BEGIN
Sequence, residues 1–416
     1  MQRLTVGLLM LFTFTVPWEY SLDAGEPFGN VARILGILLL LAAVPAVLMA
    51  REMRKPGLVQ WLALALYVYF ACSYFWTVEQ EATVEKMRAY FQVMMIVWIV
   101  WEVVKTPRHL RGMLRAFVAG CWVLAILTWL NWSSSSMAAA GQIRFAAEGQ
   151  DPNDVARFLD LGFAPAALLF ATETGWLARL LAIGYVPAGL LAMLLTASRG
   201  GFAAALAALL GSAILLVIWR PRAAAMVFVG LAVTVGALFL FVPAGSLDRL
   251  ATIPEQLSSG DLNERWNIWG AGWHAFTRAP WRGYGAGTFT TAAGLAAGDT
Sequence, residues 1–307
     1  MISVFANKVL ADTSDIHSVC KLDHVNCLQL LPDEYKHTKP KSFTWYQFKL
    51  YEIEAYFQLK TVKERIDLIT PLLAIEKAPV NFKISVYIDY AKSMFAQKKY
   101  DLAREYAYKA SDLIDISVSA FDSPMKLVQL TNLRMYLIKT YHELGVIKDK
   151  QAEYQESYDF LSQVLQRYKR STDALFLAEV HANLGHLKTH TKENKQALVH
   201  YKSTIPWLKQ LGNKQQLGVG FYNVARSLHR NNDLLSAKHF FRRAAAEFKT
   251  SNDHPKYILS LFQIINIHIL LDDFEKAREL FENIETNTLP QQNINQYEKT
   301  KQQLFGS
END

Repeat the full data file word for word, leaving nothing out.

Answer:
Sequence, residues 1–416
     1  MQRLTVGLLM LFTFTVPWEY SLDAGEPFGN VARILGILLL LAAVPAVLMA
    51  REMRKPGLVQ WLALALYVYF ACSYFWTVEQ EATVEKMRAY FQVMMIVWIV
   101  WEVVKTPRHL RGMLRAFVAG CWVLAILTWL NWSSSSMAAA GQIRFAAEGQ
   151  DPNDVARFLD LGFAPAALLF ATETGWLARL LAIGYVPAGL LAMLLTASRG
   201  GFAAALAALL GSAILLVIWR PRAAAMVFVG LAVTVGALFL FVPAGSLDRL
   251  ATIPEQLSSG DLNERWNIWG AGWHAFTRAP WRGYGAGTFT TAAGLAAGDT
Sequence, residues 1–307
     1  MISVFANKVL ADTSDIHSVC KLDHVNCLQL LPDEYKHTKP KSFTWYQFKL
    51  YEIEAYFQLK TVKERIDLIT PLLAIEKAPV NFKISVYIDY AKSMFAQKKY
   101  DLAREYAYKA SDLIDISVSA FDSPMKLVQL TNLRMYLIKT YHELGVIKDK
   151  QAEYQESYDF LSQVLQRYKR STDALFLAEV HANLGHLKTH TKENKQALVH
   201  YKSTIPWLKQ LGNKQQLGVG FYNVARSLHR NNDLLSAKHF FRRAAAEFKT
   251  SNDHPKYILS LFQIINIHIL LDDFEKAREL FENIETNTLP QQNINQYEKT
   301  KQQLFGS